AA: Of course. Ordinary Israelis have suffered a great deal from the conflict as do ordinary Palestinians. Ordinary Israelis are caught in the conflict like Palestinians, and the responsibility lies with the Israeli government to stop doing the things which endanger Israelis. Israel is engaged in a military occupation, depriving millions of Palestinians their basic rights. This is directly producing conflict and violence, which is harming ordinary Israelis as well as Palestinians. It’s very interesting that while the whole world is talking about renewing the peace process, Israel continues to announce that it is continuing to confiscate Palestinian land to build Jewish-only housing settlements on it. That’s not the path to peace and we need to see Israel choose a different path.

WE: Are there any grievances that Palestinians have that you feel are justified?

JM: I will say this: I think there are faults on both sides. I don’t think that either side is completely blameless and it would be very arrogant to say that the Israelis haven’t made their mistakes in the past. I think the Palestinians have also made their mistakes.

WE: What drives you to stay so active in discussing the topic of the Israeli - Palestinian conflict?

AA: I believe that the Israelis and Palestinians deserve justice. That peace depends upon the efforts of all of us. I believe that this conflict is harmful, not just to Israelis and Palestinians but also to the United States. The U.S.’s unconditional and biased support of Israel, no matter what Israel does, has done a lot of harm to U.S. interests around the world. The U.S. has an interest in a solution that is fair to Palestinians and fair to Israelis.

JM: Primarily my motivation is that I have a very strong personal commitment to Judaism. I live in Israel. My children are growing up in Israel and I see my future and my children’s future in Israel. Also, I think it’s a fascinating subject.

WE: How are you hoping to educate students about the conflict?

AA: I’m hoping to get them to ask questions and to recognize that the simplified version of the conflict that they might get from the mass media in this country leaves out a lot of issues. Generally in any history, or any story, the strong usually go on to get to tell their story and those on the weaker side are the ones who end up being dehumanized and marginalized. I want them to hear that there is another story here, and to understand that Palestinians are human just like Israelis. They’re not different from other human beings and what they want is the right to live in peace in dignity, something that has been denied to them for decades.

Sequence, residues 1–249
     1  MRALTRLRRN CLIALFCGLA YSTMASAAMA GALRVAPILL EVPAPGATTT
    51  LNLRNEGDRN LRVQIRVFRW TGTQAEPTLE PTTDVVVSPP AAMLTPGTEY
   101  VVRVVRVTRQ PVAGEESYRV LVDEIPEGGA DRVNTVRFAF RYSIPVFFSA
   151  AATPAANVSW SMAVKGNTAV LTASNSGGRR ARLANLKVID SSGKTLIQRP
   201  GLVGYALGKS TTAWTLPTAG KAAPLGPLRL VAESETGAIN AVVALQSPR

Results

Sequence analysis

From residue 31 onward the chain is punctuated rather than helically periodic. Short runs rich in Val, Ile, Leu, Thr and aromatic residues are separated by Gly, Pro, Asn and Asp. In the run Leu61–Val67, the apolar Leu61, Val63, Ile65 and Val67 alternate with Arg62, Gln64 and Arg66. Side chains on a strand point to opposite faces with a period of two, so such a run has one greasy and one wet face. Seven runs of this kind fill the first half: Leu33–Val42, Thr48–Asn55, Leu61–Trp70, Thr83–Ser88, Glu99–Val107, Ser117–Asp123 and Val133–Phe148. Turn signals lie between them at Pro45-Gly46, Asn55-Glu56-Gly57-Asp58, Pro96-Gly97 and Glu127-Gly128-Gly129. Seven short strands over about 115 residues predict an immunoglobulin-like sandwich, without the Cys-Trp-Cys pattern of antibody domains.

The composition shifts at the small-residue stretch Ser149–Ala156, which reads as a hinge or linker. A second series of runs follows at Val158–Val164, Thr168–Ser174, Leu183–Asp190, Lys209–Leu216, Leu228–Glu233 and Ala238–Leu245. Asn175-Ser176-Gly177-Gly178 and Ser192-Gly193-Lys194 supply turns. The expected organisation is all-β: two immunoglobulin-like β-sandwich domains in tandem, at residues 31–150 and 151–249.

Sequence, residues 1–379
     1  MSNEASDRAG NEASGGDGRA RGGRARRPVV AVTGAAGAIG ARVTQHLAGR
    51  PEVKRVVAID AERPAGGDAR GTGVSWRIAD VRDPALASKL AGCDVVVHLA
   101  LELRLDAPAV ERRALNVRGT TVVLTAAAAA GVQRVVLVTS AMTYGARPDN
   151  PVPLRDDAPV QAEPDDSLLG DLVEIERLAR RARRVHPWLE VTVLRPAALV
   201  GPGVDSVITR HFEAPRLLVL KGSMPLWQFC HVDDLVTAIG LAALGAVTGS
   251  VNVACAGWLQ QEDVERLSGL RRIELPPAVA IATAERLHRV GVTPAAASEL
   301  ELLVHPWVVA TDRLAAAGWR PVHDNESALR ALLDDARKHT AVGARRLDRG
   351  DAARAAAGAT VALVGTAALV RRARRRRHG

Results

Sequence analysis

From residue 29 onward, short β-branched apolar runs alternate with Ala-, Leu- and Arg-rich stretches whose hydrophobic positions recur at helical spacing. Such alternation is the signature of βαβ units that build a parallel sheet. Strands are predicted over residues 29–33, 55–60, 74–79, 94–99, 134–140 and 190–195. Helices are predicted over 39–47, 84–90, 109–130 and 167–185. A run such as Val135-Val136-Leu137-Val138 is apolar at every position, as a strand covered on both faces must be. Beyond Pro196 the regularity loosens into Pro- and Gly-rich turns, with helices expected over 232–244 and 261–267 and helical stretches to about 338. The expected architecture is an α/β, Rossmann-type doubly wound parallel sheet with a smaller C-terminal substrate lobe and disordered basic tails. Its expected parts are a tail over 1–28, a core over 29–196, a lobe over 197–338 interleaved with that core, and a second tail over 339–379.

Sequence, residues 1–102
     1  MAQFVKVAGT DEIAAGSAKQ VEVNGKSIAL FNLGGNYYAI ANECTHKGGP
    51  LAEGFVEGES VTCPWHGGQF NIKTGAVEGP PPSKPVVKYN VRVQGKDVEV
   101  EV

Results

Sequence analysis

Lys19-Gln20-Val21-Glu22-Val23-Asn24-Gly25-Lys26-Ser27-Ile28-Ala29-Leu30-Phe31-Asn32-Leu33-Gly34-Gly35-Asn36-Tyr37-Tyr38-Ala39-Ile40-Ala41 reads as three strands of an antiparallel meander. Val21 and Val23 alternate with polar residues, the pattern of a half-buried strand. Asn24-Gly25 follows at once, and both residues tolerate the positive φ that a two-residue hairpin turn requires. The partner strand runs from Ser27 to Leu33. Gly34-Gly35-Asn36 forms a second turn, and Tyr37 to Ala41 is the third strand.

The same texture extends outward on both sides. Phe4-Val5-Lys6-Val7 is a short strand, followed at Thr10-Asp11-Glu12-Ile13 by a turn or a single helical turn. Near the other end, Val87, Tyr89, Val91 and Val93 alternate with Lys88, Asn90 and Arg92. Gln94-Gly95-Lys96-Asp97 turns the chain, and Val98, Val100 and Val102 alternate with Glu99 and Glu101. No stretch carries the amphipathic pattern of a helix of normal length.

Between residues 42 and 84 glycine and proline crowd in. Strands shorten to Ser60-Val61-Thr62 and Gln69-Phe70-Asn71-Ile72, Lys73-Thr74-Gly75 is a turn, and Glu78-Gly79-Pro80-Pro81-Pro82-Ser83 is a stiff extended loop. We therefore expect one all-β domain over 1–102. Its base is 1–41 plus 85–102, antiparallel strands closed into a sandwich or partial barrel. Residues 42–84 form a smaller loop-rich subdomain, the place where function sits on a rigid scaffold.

JM: I think the most important element is to give students as much access to as much information about as many issues as possible and to allow them to make informed decisions for themselves.

WE: Can the Ithaca College community do anything directly to help people who are suffering because of the situation?

AA: I think they can do a lot. I think it’s really important for students and other members of the community to speak out about this issue especially because there are lots of efforts being made to scare people from speaking. To say that this issue is too complicated, or if you criticize Israel, then somehow you’re being anti-Semitic, has a chilling effect on free speech and on the ability to debate a sensible U.S. policy towards this conflict. I think we need to broaden the debate. We need to not be afraid to have the debate and we need to say that justice and peace requires us to be critical of Israel when Israel is doing wrong.

JM: I’m not sure how they can take an active, practical role in solving the conflict. I would say that keeping their eyes on the news, going to visit Israel, taking an active interest in affairs - that might motivate someone to become more involved on a personal level. But people living in Ithaca and spending their life in Ithaca … I think it would be hard for them to find an avenue where they would directly influence the peace process.

Related Links

  • The Ithacan Online